Tuesday, 20 July 2021

Hot weather stuff. Covid toes.

 Just past the cricket club up the road from our house there is a sort of scar on the pavement, black and messy, with a lot of sand scattered around. I saw it yesterday morning and wondered for a moment what it was and then I remembered a neighbour telling me the other day about huge drama going on at cricket club with fire engines and other emergency vehicles. There was a cricket match, or maybe cricket training, in progress. Loads of cars were parked, as they annoyingly do, on the pavement and suddenly in the late afternoon one of them had self-combusted. There was no-one in the car and nobody was hurt. Fortunately the fire was dealt with before it spread to other vehicles. So far nobody has been able to tell me how it happened. Imagine, though, parking your car as usual and suddenly having it go up in smoke. 

Then today, in an article about amber warnings going out to various parts of the country because of excessive heat, I read about a bus stop self-combusting in Solihull. Goodness! I didn’t think there was enough combustible material in modern bus stops to make that a possibility. The most problems bus stops have around here are jokers finding it amusing to smash all the glass!

The article on the heatwave also warned against wild swimming unless done in an organised group. It can be dangerous, as I have thought for a while. A number of people have had to be rescued after trying to cool off in lakes and disused quarries now filled with water. Apparently the water is sometimes so cold that the shock to the body’s system prevents you from being able to swim. A few people have died this weekend risking the cold water! The temptation must be quite great though and it must seem like a good idea to take a dip and cool off! I think I’ll stick to cool showers. 

In Oregon, USA, the wildfire known as the Bootleg fire is still raging. That’s nine days I think and over 500 square miles. Talking about this and the flood in Germany and Belgium with my granddaughter yesterday, she commented that it seems as though the world has had enough of our mistreating it and is now getting its revenge! Maybe it is!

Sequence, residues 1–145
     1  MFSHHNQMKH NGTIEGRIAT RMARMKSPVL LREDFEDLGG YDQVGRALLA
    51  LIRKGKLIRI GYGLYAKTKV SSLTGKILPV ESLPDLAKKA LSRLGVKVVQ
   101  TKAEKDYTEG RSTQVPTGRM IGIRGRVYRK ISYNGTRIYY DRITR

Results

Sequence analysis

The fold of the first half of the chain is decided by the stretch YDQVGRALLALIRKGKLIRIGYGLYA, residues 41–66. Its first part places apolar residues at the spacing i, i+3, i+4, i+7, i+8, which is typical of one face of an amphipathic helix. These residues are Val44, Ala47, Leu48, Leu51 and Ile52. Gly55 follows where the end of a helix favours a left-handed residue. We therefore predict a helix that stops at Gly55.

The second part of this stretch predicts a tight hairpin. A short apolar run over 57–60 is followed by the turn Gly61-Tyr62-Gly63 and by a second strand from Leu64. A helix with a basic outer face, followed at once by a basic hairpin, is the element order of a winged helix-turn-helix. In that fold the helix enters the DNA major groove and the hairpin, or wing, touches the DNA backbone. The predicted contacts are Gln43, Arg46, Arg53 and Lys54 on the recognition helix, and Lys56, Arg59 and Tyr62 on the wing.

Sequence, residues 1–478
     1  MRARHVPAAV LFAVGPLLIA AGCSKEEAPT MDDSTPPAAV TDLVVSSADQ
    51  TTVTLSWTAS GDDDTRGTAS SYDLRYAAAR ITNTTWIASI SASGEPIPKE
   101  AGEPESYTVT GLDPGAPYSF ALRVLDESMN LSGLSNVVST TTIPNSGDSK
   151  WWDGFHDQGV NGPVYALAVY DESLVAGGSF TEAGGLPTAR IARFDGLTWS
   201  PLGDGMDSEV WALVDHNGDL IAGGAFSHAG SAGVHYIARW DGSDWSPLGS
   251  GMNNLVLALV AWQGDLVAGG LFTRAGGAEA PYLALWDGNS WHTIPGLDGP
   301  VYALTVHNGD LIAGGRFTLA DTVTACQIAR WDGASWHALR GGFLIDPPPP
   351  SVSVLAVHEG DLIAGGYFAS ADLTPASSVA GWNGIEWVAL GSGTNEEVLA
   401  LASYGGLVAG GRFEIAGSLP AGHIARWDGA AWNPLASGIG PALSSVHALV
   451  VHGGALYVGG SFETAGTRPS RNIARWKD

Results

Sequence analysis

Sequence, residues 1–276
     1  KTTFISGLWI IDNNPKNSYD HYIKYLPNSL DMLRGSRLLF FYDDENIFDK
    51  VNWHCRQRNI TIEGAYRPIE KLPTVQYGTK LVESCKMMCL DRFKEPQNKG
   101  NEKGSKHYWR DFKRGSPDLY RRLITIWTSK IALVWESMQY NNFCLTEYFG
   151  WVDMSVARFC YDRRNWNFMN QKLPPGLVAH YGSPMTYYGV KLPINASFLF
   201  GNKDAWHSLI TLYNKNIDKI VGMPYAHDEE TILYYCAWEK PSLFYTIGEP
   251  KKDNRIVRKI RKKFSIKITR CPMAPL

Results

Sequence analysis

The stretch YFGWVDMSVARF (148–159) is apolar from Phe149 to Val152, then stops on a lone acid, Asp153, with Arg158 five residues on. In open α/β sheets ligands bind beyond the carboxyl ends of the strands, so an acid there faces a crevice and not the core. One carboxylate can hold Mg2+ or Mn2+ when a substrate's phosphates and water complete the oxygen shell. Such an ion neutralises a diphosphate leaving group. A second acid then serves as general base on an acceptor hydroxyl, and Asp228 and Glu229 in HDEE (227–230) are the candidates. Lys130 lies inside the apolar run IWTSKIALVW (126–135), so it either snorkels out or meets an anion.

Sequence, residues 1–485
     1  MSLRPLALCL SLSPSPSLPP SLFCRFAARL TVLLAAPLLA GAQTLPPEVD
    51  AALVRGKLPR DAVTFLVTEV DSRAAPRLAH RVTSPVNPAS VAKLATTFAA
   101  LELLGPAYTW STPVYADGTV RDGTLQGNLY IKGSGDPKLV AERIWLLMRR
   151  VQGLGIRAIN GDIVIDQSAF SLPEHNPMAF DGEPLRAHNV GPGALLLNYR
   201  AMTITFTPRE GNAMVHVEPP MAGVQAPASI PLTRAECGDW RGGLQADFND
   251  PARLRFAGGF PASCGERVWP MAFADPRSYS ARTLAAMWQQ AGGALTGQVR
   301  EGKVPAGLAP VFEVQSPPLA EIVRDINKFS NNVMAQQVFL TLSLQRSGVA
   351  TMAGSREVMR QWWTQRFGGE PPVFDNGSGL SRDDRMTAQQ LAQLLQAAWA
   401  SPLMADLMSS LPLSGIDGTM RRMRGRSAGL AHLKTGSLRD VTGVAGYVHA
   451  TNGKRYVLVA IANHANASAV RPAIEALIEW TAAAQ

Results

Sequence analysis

Despite having walked miles with my granddaughter earlier in the day, in the cool of the evening, after we had eaten, I suggested that Phil and I might take a stroll round the village. After all, he had spent a good deal of the day working at the computer. Some fresh air and leg-stretching would be good for him. 


He ummed and ahhed a little but finally agreed. As we set off he grabbed the secateurs and his gardening gloves. Our stroll, incorporating footpaths and quiet lanes, turned into a snipping and snapping session. Brambles and briars and in particular nettles that encroached onto the pathways were shown no mercy. At one point one of the locals called down from her first floor balcony, “Thank you, sir! That needed doing! I have been trying to get my husband to deal with those brambles!” It’s nice to be appreciated! 

Almost two hours later we returned home, having covered the route that I run in about 25 minutes in the morning. But some good snipping was done and it was a lovely evening. 

My brother-in-law regularly messages me with odd items of news. This is today’s offering:

“Covid in Scotland

The 13-year-old suffering with 'Covid Toes'

Medical professionals have labelled a condition linked to coronavirus 'Covid toes', after seeing an increase in cases.

The variation surprisingly affects younger patients but is hard to diagnose as standard Covid tests often produce negative results.

Thirteen-year-old Sofia has been suffering with Covid toes since last October and now relies on a wheelchair to enjoy simple activities.

She told The Nine: "I'm quite scared to be honest because I don't know if I'll be able to do the things I like to do”.”

Now, Phil suffered from Covid toes. We sent photos of his toes to our GP who prescribed various creams but didn’t really know how to treat the condition. It made walking difficult and certain shoes very uncomfortable. Eventually it faded away on its own. One of our neighbours also had Covid toes, with a similar experience to Phil’s. Neither of them fall into the category of “younger patients” but it would seem that they both perhaps got off lightly!

Life goes on. Stay safe and well, everyone! 

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